Trial Errors, Secrecy, Varied Results: Is Oxford-AstraZeneca Covid Vaccine a Good Option for India?

·4-min read

It must be that name, Oxford. In India it’s still a metaphor for the pinnacle the human mind can reach. And so when Oxford announced that it is working on a vaccine against Covid-19, it was assumed this would then be the magic touch against the virus.

It still may be – but India assumed early what had not been announced or even by then researched enough. The country was interested enough to be committed. Given the tie-up of the Serum Institute of India, we would be in this all the way from the ground floor.

The announcement from Oxford this week has dimmed that promise. It seems to have been brought forward by announcements of success all over; by Pfizer-BioNTech, Moderna, and less favoured in the media, Russia’s Sputnik V. The keenly awaited Oxford announcement brought limited promise, with some uncomfortable questions hovering above what we had believed would be the desperately awaited shield against Covid-19.

There was an “error” in the dosage given through the trialling, Oxford and its research and manufacturing partner AstraZeneca admitted through their declaration of results. An offered explanation that this could be a manufacturing error seems less than reassuring.

In choices of a vaccine where trust and credibility would direct decisions over choices, what are we to think about a trial from the most prestigious research institute into the most vital research there possibly could be, that cannot get simple dosage through a trial right. And then offering the interpretation that accompanied the results of a part-mistaken trial.

Oxford averaged out results between the correct and the wrong dose to announce 70 per cent success. Leading scientists have raised questions about such averaging - these would be obvious to us who aren’t scientists or statisticians. Some in the trial given a half dose and then a full dose showed 90 per cent success, we were told. Others given two full doses showed 62 per cent success. Across all the numbers tested, this was worked out at 70 per cent claim of success.

These were clearly separate tests with separate dosage regimes. The eventual average success could not possibly arise from a numerical average across those two. And yet the Oxford scientists did just that. What could one thus make of of the credibility of an institute that offers such an explanation.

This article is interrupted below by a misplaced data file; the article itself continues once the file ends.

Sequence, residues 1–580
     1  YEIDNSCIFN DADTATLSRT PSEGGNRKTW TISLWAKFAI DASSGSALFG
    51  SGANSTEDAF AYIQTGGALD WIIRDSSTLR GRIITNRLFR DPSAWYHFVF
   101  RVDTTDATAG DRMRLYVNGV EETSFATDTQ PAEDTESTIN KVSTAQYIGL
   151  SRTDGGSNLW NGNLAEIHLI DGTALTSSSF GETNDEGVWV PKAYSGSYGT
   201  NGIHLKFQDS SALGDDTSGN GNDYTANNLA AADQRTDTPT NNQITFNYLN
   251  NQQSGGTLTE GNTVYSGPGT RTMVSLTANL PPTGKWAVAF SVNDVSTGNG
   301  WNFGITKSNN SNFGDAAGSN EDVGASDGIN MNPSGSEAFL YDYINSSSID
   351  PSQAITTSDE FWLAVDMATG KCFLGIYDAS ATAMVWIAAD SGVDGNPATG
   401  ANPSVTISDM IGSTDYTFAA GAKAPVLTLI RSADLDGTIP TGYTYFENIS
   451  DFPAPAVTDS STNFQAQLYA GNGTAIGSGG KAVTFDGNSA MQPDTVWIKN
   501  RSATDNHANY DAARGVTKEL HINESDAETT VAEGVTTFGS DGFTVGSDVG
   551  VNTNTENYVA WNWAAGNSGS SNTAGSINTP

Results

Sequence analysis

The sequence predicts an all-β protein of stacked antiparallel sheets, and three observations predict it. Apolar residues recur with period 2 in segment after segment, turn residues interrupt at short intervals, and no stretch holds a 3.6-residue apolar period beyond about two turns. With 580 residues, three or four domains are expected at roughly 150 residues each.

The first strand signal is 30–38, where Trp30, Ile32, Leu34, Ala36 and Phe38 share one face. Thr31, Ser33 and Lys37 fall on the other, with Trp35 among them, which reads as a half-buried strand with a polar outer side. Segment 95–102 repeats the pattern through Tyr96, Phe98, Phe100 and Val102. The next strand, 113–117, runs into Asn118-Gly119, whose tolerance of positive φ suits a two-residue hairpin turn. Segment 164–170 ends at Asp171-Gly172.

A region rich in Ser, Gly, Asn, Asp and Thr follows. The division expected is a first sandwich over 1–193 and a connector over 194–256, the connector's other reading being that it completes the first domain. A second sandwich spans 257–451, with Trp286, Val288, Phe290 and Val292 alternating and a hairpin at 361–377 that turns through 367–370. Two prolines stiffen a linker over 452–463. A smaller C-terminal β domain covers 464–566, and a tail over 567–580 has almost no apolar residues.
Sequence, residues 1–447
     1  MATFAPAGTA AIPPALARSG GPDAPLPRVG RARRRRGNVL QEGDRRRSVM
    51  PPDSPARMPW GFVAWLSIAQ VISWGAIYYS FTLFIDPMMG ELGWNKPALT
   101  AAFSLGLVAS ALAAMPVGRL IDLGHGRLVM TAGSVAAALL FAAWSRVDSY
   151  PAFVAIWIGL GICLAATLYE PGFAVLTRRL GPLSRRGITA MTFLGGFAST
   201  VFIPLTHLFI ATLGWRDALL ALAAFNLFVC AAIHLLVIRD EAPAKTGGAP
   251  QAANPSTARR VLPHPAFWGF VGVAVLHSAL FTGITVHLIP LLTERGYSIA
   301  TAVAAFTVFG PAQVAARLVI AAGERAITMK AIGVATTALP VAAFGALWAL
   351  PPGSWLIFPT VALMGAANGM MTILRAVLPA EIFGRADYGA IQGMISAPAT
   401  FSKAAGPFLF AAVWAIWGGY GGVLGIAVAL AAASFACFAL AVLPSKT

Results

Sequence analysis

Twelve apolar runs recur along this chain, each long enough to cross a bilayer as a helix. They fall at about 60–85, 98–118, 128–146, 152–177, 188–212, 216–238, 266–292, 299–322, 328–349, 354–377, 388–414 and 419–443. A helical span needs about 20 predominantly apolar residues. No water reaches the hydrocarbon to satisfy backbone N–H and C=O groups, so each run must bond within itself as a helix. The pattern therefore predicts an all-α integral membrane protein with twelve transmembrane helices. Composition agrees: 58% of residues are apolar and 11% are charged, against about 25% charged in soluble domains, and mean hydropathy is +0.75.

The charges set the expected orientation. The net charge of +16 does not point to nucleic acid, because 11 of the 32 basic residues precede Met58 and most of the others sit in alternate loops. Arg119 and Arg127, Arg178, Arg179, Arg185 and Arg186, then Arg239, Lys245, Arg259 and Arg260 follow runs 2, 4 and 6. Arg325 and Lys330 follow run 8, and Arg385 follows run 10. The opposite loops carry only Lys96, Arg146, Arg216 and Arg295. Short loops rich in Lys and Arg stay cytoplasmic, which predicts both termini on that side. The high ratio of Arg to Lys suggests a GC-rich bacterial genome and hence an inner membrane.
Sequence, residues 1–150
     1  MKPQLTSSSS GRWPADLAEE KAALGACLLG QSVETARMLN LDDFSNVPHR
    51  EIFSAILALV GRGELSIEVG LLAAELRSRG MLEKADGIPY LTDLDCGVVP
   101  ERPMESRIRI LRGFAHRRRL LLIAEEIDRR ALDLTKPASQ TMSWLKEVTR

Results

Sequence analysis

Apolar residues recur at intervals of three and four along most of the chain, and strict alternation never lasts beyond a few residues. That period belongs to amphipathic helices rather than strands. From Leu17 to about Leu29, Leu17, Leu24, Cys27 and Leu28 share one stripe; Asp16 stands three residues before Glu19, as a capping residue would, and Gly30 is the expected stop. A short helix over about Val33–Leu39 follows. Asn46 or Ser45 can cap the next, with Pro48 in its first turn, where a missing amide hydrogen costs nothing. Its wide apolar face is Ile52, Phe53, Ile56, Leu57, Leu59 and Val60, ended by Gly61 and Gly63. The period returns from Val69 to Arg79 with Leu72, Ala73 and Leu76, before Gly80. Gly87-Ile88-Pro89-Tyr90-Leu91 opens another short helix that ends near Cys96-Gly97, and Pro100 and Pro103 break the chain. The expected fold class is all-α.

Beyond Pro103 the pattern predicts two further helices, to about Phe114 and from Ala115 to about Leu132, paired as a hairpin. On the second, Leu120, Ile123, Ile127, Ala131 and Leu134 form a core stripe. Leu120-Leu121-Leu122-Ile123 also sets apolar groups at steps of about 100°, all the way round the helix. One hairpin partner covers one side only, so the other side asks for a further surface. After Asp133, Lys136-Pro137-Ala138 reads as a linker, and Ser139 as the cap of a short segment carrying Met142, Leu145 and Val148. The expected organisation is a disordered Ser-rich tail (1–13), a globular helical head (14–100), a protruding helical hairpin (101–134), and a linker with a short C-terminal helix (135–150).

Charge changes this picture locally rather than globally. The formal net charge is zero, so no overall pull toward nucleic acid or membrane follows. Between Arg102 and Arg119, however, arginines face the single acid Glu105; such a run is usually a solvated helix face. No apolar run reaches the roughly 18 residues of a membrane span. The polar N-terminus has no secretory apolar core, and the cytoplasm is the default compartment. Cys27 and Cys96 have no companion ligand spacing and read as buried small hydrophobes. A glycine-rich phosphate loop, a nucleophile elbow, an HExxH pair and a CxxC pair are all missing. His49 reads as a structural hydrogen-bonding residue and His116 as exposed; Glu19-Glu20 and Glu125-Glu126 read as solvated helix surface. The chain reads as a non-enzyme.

With a look at the numbers beneath the claimed percentages, and the claim gets yet more fragile.

Amongst all who participated in the trial carried out in the UK and Brazil, 131 cases of Covid-19 were reported. Of these, 101 were in those who had been given dummy injections, and 30 among those who were given the trial vaccine. Among these 30 cases, 27 who developed Covid-19 had been given two full doses. The other three were given the ‘mistaken’ half-dose followed by the full dose. It is on the basis of the results with those three individuals that Oxford is pointing to 90 per cent success if the mistaken dose were to be seen and given henceforth as the correct dosage protocol.

But as it happens, those three individuals on the basis of whose results Oxford is suggesting 90 per cent success were all under 55 years of age. And other factors in their personal circumstances or earlier health profile could be a factor as well. As matters stand, it is this suggestion in the cases of three individuals that is the basis of hope for 90 per cent protection for a billion Indians who potentially could be given this vaccine next year. It’s all adding up rather uncertainly.

The Oxford centre together with its manufacturing partner AstraZeneca have not quite been transparent over just what went on, and just what went wrong. Questions have arisen over the age profile of all of those given the needle. Going by early indications the trial participants included proportionately few elderly patients, and among those the results were poorer. The methodology for randomisation of trial is not clear because it has not been declared. We’ve been invited to swallow a capsule of declared success.

The 62 percent success announced, at its least, is still not bad, on top of success shown in an earlier trial. But it is now hedged by two facts that won’t go away: it is less than the success reported by others, and it is less than the 90 per cent hinted at on the basis of very little. It certainly is less than what was expected.

Nobody is preparing to pump themselves with different vaccines. At the moment the Oxford vaccine comes with a two in five chance it won’t work. Some others indicate a 19 in 20 chance they will succeed. Will we get to choose?